During the summer, I discovered a lot about my father’s homeland of Nicaragua. As a teen, my father and his family barely escaped the Sandinista Rebels, sadly leaving everything familiar behind, including friends and family. Hoping someday to return to his heritage he persuaded us to vacation there. Unsure of Nicaragua’s turbulent political history, along with the many natural disasters that made the country so newsworthy we were hesitant. After much research we realized that Nicaragua has the least crime per capita in all of the Americas. But was it worth a visit?
The answer is YES, absolutely! Today Nicaragua proudly reflects hope to other developing nations that democracy is key. I now can see how Nicaragua is a nation of rebuilding. This is where people and cultures constantly re-invent and re-imagine themselves to overcome the hardships and disasters that shape the country. Nicaragua is called “the Land of Lakes and Volcanoes” for it’s stunning geography, but the people and the food are what I love most. Nicaragua’s food is the best in the region and its people are the warmest and friendliest around. From the moment we arrived at the Intercontinental Real Metro Centro in Managua (http://www.ichotelsgroup.com/intercontinental/en/gb/locations/Managua) we were addressed by name and welcomed with open arms and the smell of the traditional garlic-marinated center-cut tenderloin (Churrasco) and the Gallo Pinto (a traditional mixture of red beans and white rice) from the restaurant next door, Charrasco’s. Our concierge, Tady Pena, found us the most incredible tour guide and driver with a vehicle, Denis Carballo, a must.
DAY 2: Masaya Volcano, is located in Nicaragua’s first and largest National Park. Climb hundreds of stairs to see the “Boca del infierno” and peek over the edge at the Masaya Volcano, and look into the impressive crater, which is continuously emitting smoke and sulfur gases. At Masaya City Market, hundreds of vendors sell the most intricate of handmade woods, vibrant colored textiles and endless leather goods. Denis bargained for us on every purchase we made. Boat ride: Lake Nicaragua in the cove “Puerto Aseses”. The Intercontinental Hotel Suite was spacious on the Club Level, happy hour included substantial appetizers and free drinks lunch and dinner time.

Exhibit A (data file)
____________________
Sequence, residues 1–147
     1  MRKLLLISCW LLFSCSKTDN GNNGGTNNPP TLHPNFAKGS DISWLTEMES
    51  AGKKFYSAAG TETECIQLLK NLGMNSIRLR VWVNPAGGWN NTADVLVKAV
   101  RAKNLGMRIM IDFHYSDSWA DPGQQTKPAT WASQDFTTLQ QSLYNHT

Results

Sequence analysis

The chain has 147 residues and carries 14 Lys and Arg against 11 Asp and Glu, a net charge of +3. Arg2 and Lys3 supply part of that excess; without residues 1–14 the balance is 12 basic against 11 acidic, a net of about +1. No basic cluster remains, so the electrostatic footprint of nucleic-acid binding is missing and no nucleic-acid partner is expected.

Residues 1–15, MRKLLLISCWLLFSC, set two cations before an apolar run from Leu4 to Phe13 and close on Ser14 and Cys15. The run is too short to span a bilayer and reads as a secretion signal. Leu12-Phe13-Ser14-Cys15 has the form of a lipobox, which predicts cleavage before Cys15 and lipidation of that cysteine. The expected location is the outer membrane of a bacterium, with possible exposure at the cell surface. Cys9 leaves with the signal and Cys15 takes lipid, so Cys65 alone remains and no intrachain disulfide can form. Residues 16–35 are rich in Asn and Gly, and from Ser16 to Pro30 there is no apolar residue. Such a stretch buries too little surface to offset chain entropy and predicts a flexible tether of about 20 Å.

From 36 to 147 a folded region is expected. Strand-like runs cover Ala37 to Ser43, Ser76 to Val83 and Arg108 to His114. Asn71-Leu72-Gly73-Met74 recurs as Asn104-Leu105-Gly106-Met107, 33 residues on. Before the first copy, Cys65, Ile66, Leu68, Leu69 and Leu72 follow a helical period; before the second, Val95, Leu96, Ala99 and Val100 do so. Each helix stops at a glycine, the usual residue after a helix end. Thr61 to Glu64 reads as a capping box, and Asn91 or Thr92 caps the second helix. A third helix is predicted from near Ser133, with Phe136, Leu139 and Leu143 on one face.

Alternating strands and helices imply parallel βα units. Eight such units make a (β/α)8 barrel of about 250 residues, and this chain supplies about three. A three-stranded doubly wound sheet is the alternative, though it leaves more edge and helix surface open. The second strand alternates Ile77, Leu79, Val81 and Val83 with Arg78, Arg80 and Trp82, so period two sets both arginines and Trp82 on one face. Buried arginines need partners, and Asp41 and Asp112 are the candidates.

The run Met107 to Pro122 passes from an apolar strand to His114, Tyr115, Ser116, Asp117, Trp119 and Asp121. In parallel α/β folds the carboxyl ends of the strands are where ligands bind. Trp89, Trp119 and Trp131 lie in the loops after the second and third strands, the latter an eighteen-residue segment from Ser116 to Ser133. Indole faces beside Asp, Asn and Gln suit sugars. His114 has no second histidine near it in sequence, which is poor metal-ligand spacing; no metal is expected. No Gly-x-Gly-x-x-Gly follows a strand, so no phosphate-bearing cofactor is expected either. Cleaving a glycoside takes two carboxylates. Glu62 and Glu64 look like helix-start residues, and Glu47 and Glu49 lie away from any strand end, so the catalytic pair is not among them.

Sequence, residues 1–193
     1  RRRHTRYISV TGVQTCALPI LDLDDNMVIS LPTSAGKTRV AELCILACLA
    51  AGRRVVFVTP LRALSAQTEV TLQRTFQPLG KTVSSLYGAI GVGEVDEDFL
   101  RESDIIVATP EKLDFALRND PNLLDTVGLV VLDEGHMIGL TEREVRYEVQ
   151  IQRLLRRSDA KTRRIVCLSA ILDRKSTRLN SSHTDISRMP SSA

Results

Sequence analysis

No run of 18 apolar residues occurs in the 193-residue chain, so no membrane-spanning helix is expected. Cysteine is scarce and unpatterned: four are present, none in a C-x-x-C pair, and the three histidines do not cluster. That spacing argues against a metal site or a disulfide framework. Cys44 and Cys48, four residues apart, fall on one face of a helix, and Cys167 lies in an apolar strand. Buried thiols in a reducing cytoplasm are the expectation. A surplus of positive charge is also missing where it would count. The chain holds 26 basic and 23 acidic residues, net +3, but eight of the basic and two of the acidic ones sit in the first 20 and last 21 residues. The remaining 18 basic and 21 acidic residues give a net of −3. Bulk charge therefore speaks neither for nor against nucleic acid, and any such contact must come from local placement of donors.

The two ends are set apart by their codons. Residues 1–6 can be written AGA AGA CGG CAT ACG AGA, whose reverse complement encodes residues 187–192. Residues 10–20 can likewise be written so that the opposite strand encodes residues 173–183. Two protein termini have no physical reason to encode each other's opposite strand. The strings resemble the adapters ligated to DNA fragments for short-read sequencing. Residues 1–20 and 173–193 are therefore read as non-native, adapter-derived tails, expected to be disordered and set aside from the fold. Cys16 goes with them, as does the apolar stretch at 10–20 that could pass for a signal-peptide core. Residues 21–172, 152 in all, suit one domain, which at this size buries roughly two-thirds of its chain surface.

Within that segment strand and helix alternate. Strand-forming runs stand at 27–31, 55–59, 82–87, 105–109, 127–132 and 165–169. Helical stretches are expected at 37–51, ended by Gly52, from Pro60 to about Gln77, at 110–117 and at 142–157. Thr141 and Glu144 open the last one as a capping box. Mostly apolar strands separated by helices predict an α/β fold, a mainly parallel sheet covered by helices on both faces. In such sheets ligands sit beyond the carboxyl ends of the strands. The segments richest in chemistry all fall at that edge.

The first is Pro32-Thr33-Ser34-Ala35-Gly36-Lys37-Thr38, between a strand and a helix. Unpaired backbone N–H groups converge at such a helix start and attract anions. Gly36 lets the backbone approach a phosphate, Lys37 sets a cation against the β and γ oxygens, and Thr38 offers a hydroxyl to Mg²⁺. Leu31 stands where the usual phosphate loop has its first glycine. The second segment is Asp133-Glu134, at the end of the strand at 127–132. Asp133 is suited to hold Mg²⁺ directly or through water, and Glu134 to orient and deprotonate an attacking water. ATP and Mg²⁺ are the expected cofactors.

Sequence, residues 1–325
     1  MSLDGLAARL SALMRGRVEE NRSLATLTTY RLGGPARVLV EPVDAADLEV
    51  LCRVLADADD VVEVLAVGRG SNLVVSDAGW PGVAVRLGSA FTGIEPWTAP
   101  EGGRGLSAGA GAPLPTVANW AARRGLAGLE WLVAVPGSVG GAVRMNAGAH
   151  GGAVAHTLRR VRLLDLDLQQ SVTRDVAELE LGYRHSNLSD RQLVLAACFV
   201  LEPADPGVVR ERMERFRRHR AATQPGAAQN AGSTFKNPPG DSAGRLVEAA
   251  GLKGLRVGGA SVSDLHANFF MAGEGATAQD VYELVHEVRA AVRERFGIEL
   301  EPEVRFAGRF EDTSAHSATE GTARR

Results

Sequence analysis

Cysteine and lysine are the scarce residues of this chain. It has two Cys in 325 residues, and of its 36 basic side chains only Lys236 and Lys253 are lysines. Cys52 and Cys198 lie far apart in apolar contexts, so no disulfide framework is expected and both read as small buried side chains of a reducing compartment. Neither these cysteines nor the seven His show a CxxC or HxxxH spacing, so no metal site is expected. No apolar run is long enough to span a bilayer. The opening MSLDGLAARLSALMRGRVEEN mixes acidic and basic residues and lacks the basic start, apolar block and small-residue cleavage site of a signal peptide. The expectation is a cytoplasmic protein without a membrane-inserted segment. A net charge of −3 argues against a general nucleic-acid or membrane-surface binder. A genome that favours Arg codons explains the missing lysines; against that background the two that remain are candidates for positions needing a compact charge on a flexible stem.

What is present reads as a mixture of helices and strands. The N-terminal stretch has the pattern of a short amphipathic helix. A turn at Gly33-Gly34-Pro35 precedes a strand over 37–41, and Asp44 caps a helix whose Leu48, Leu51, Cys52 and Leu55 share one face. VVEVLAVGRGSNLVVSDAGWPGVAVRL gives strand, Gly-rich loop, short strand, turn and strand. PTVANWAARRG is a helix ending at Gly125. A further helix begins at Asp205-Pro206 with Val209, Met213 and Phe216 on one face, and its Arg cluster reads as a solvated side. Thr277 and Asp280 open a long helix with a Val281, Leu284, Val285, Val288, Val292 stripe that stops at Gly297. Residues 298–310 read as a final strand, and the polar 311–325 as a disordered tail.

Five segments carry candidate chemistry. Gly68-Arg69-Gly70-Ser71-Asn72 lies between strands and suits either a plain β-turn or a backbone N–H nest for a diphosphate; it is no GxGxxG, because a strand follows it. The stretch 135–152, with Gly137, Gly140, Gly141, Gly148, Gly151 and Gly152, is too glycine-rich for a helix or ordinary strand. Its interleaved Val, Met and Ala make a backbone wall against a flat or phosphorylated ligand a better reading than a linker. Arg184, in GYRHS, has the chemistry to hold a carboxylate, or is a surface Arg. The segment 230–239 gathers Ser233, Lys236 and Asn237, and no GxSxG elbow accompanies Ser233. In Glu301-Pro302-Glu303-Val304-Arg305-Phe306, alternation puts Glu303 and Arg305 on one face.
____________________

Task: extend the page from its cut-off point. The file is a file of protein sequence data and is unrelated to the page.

DAY 3: Barcelo Montelimar Beach Resort (http://www.barcelo.com/BarceloHotels/en-GB/Hotels/Nicaragua/PlayaMontelimar/MontelimarBeach/Home.htm), an all-inclusive resort surrounded by ocean view bungalows, endless hammocks and black sand beaches.
DAY 4: Momotombo Canopy Ride: the most memorable, a very safe, professionally guided climbing adventure. Catalina Craft Market: exquisite handmade pottery and crafts. The most stunning hillside views: The Pelican Eye Resort at San Juan Del Sur Bay. Beyond paradise! Whether selling their wares barefooted on the street or packed in a transport bus, the Nicaraguan people were always warm and friendly.
After visiting Nicaragua, I can now see a clearer reflection of where my father came from. I know that the teenage years can be a difficult and stressful time in our life without be forced from the only home you’ve known and thrust into another language. I am very proud of my father for he has struggled and made a better life for himself and us. “Familia” is the one word that best describes my dad and after seeing first hand how some family members survive their daily challenges for food and electricity, the attached pictures pale in comparison to what we actually experienced. Not only was it beyond gorgeous but sadly humbling, as I truly am grateful for what I have and not for what I don’t have.
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